Not Perfect, But Promising

Mask wasn’t perfect by any means. I saw the occasional misinterpretation of data which could cause my avatar’s face to do something that I wasn’t actually doing. When it came to normal blinking (not winking), the prototype didn’t seem to pick up my blinks very well. However, Tadi claims that the algorithm gets smarter and more robust over time individually for each user as they use it.

How much better it can get over time is the big question. It’s going to need to be pretty darn close to 100% because users will need to be able to trust the system to represent them accurately. Facial expressions are a hugely important part of unspoken communication; you wouldn’t want to be in an important virtual meeting with a potential new client and look as if you’re sneering at them (due to misinterpretation of your facial expressions) when you’re actually smiling. And even outside of important meeting scenarios, face-tracking in VR still needs to be highly robust so that it doesn’t lead to awkward facial movements that end up dropping your avatar into the uncanny valley.

The ability to improve Mask’s robustness from 90% to 99% will make or break the applicability of the tech.

An Unfair Advantage

While computer-vision based face-tracking has the potential to be much more precise—capturing subtle changes in the face rather than just being able to jump between a few poses—even if the headset didn’t pose a significant challenge, this electrode-based approach has an advantage that computer-vision based face-tracking physically cannot: prediction.

Tadi claims that the Mask algorithm can, via the electrical signals being read from your face, sense the expressions you’re going to make “20 to 30 milliseconds” before you make them. If true, that potentially gives an advantage to this method, opening the door to essentially instantaneous mirroring of your expression in the virtual world.

The MASK prototype currently requires electrodes attached to earlobes in addition to those that contact the face, though the creators say these would be built into on-headset headphones

The electrode/algorithm approach to face-tracking is also interesting because it doesn’t require much processing power, Tadi says, and the workload can easily be performance on a VR headset powered by a smartphone. That’s in contrast to the computer-vision approach which requires more heavy-duty processing to derive your facial expression from each frame.

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So, Mask seems promising. What’s next? Tadi says that the underlying technology is compatible with any headset, and that the company is in talks with all the major players in the market. Ultimately the company seeks not to sell the hardware as an add-on, but offer a simple blueprint for direct integration and then license the algorithm. We could see a headset with this tech integrated as early as holiday 2017.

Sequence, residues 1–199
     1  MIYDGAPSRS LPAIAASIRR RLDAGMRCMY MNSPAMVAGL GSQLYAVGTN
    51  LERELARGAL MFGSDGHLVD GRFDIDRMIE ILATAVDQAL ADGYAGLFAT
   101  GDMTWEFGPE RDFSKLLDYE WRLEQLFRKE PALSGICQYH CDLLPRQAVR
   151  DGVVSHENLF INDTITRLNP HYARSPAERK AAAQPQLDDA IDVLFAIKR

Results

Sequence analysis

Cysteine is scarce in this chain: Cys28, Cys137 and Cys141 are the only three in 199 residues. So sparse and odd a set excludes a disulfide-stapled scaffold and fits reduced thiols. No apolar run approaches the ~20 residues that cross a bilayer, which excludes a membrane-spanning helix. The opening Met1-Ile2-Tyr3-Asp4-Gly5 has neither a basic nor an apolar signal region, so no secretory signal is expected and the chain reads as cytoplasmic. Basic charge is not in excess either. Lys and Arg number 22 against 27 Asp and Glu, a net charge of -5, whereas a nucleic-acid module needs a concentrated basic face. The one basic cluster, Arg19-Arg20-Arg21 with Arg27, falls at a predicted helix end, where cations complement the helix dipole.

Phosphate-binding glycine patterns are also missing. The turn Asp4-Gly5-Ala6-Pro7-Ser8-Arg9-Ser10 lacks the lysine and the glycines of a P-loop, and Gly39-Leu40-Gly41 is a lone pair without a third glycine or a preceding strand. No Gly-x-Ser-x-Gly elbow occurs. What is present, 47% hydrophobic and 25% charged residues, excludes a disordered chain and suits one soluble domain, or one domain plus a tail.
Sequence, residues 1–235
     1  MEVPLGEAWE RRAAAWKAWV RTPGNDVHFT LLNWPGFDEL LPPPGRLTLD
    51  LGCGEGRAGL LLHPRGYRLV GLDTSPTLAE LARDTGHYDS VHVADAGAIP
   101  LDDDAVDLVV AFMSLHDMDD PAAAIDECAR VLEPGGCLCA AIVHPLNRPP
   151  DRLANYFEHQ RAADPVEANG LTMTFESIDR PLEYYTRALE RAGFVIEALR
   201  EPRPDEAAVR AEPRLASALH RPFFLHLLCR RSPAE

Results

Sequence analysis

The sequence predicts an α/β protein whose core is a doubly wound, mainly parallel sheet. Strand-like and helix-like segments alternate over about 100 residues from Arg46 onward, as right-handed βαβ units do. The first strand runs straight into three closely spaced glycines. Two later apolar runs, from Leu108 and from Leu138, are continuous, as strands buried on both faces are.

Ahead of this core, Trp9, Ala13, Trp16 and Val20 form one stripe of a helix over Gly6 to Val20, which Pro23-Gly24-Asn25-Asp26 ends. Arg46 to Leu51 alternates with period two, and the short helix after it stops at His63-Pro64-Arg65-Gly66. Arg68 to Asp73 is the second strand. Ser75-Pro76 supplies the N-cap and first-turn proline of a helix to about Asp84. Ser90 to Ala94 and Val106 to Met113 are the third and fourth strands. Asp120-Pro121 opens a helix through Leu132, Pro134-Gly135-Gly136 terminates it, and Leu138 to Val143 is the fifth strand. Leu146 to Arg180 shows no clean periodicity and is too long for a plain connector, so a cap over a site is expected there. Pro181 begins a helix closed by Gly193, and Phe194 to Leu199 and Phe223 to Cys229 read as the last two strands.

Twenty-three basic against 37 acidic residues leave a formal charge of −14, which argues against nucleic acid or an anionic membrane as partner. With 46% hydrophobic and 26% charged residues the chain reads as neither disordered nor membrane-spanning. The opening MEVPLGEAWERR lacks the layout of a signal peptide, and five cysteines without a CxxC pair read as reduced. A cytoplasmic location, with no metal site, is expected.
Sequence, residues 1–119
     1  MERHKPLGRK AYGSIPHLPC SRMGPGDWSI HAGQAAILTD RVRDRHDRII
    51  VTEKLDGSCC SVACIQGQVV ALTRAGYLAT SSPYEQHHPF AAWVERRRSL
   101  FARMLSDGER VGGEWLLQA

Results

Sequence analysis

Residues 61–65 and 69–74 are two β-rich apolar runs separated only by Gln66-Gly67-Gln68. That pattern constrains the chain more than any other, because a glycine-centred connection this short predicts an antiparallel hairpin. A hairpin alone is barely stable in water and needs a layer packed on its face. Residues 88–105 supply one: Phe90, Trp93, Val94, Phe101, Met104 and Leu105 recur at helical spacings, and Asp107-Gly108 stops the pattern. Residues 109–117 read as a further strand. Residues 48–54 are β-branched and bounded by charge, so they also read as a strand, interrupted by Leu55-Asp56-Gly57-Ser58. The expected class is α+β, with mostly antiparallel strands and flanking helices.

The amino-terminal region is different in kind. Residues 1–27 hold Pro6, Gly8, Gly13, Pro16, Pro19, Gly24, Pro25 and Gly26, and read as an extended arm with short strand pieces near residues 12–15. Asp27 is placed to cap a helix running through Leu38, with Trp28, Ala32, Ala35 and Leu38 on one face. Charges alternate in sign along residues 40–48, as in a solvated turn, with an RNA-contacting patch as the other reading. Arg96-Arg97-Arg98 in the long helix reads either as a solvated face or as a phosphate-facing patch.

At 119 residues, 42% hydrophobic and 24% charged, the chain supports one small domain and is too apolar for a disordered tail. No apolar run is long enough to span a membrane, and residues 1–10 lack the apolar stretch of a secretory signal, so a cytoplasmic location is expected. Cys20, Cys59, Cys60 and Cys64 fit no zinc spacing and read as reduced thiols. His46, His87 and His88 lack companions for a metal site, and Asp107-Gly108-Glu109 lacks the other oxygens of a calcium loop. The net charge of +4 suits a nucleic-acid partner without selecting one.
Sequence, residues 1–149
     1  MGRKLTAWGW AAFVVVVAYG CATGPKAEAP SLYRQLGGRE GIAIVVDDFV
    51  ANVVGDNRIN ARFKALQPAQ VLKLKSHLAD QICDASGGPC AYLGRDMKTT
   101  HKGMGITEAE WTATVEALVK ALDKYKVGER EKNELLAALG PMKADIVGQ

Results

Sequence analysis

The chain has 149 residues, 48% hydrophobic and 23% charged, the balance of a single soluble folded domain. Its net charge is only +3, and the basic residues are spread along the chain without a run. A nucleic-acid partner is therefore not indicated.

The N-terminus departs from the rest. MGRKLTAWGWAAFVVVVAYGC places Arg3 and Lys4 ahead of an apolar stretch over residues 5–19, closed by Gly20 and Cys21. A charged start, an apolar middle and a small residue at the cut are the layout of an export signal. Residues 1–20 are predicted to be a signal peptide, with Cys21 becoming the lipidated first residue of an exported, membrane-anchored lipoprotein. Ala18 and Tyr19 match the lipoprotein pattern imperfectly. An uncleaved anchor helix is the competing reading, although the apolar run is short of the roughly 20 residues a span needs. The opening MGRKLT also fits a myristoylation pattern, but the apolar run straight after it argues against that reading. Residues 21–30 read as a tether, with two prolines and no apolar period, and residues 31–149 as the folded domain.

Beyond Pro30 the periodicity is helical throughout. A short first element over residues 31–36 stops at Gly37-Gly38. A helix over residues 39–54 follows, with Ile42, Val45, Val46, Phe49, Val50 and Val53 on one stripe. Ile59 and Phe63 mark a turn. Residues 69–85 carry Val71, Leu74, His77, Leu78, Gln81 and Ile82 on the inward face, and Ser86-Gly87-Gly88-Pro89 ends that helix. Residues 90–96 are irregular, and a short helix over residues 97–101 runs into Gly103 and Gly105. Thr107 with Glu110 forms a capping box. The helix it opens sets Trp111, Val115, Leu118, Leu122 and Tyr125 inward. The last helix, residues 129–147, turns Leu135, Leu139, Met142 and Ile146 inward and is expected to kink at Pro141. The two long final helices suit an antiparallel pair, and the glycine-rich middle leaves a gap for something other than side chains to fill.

Eye-tracking Glasses Give Glimpse into Professional Pianist's Perception

While I think that VR is destined to one day incorporate face-tracking, it’s not yet clear to me exactly how precise and accurate it needs to be in order to be a must-have feature (and one that doesn’t risk misrepresenting the user). Given the current state of the industry, bringing headset costs down is a greater priority right now than adding more features (and cost), which could mean tough timing for Mask.

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Ben is the world's most senior professional analyst solely dedicated to the XR industry, having founded Road to VR in 2011—a year before the Oculus Kickstarter sparked a resurgence that led to the modern XR landscape. He has authored more than 3,000 articles chronicling the evolution of the XR industry over more than a decade. With that unique perspective, Ben has been consistently recognized as one of the most influential voices in XR, giving keynotes and joining panel and podcast discussions at key industry events. He is a self-described "journalist and analyst, not evangelist."
  • psuedonymous

    I;m afraid this is indeed a case of ‘neuro-bamboozling’: what is going on here is absolutely NOT Electroencephalography, but ElectroMYOgraphy. They are measuring muscle contractions, not neuron activation. It;s double infuriating because their tech is functional and useful (and measuring muscle contractions is the correct way to do this), but they go and muddy the water by using Buzzword Bullshit to market it.

    • benz145

      They didn’t claim that this is “brain reading” technology, they were clear that the tech is measuring the electrical signals in your face and not reading your mind.

  • VRMaven

    Despite being a billion dollar startup, I wouldn’t hold your breath on them having anything on the market this year- especially with that dorky ear clip

  • wheeler

    Something like this mixed with eyetracking will take social VR experiences to the next level.

  • Strawb77

    “..look as if you’re sneering at them (due to misinterpretation of your facial expressions) when you’re actually smiling.”
    one application i can see with this would be with [ie:] autistic people, who have great difficulty reading [and presenting] facial expressions- if the mask could be made haptic, for instance, you could show what expressions `feel` like as you make them.
    possibly could help serious burns patients or others who have had skin grafts also.